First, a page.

That wasn’t the only public outcry against the plan. Pennsylvania state Rep. Peter Schweyer (D) sent out a tweet reminding the NRC about the recent HBO series about the 1986 Chernobyl disaster in what is now Ukraine, when the No. 4 nuclear reactor in the Chernobyl Nuclear Power Plant suffered a meltdown. It was one of two nuclear energy disasters rated at the maximum severity level on the International Nuclear Event Scale. The other was the 2011 Fukushima Daiichi nuclear disaster in Japan.
And Rep. Harley Rouda (D-CA) sent out a tweet that warned, “Over 180 million Americans live within 50 miles of a nuclear power plant. @NRCgov needs to do more — not less — to ensure nuclear reactor safety.”
Warnings about cyber attacks
These recommendations also follow an NRC Inspector General report issued in June that suggested the chance possibility of cyberattacks at nuclear power stations may increase as more of the federal government’s cybersecurity experts start to retire — a trend the report warned could put the nation’s nuclear power plants at greater risk from digital attacks.
The Office of the Inspector General’s report, titled “Audit of NRC’s Cyber Security Inspections at Nuclear Power Plants,” noted that one-third of NRC’s cybersecurity inspectors are eligible for retirement in 2020, and that that could pose serious security problems for the agency.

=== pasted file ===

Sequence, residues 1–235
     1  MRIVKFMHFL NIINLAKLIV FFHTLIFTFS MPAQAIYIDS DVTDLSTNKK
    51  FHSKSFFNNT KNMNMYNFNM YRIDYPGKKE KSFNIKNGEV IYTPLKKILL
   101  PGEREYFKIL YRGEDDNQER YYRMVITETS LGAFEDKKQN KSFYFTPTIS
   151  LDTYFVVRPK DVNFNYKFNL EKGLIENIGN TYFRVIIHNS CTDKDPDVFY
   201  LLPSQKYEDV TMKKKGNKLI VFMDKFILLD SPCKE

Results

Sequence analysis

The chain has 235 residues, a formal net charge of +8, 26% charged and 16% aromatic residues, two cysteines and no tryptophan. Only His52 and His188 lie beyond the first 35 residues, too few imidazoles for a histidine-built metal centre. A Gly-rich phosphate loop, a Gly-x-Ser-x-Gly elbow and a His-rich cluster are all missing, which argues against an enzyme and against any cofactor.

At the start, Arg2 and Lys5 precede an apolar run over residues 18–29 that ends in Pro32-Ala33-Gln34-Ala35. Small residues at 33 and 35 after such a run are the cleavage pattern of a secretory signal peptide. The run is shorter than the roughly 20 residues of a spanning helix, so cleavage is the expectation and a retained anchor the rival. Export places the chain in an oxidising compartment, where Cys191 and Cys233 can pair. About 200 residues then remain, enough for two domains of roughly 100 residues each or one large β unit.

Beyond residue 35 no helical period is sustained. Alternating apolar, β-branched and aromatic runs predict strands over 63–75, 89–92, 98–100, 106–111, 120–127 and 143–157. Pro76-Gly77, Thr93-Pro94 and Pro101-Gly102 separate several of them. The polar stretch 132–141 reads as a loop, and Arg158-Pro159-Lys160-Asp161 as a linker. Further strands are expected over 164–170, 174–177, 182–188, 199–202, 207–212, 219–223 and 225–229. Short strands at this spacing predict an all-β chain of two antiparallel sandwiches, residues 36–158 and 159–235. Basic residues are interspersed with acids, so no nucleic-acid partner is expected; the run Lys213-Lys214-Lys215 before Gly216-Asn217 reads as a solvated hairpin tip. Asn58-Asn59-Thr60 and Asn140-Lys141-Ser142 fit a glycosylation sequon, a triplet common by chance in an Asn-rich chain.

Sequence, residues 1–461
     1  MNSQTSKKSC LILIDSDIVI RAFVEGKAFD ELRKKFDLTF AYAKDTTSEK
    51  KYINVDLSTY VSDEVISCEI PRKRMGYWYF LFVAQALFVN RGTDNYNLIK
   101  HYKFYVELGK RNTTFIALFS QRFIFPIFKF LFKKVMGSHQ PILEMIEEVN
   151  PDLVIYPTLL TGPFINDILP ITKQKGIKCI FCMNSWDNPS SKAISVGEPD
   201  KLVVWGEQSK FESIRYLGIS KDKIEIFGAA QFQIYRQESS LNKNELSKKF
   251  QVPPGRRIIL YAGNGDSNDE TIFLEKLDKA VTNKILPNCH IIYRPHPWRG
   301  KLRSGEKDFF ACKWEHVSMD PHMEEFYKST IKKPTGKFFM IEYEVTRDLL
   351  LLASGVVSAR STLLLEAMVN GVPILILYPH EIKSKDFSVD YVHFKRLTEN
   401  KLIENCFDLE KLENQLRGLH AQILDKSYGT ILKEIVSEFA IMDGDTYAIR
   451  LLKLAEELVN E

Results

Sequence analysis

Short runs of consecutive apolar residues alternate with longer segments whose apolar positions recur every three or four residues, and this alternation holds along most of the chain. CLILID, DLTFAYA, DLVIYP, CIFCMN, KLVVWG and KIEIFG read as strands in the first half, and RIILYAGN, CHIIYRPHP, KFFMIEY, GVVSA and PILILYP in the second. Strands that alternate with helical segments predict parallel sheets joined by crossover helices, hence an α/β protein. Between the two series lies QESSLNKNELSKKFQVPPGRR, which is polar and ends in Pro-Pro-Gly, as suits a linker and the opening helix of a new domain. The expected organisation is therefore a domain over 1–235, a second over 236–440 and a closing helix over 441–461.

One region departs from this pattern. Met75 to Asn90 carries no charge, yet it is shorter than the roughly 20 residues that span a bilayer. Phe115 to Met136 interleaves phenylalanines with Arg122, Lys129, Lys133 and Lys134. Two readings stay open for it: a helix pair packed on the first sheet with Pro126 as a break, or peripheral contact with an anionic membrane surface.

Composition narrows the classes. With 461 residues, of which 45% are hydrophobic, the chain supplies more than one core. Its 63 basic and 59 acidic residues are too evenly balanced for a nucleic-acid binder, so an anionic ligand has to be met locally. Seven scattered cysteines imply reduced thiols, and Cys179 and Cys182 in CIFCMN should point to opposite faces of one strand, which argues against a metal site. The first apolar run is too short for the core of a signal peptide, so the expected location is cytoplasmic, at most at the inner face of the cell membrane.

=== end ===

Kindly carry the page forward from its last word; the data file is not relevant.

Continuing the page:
“If staffing levels and skill sets do not align with cybersecurity inspection workload requirements, NRC’s ability to adapt to a dynamic threat environment and detect problems with cyber security programs could be compromised,” the report said.
Most of the nation’s nuclear power stations are privately owned. The NRC requires plants to have in place protections from digital attacks, and the NRC has inspectors who evaluate cybersecurity protections — although the audit cautioned that, as more inspectors retire, NRC’s already limited resources could get stretched dangerously thin.
Nuclear power remains controversial with the American public. In March 2016 a survey by the Gallup organization found that a majority of Americans, or 54 percent, now oppose nuclear power. In polls taken between 2004 and 2015, a majority had supported nuclear power, with the highest support registering at 62 percent in 2010. But that support started to erode after the 2011 Fukushima nuclear emergency in Japan.
“The main thing to realize is the public interest in these issues peaks when an actual accident happens, [otherwise] they forget and it falls off,” Lyman noted. “If you want to prevent a bad thing from happening, that takes a sustained effort.”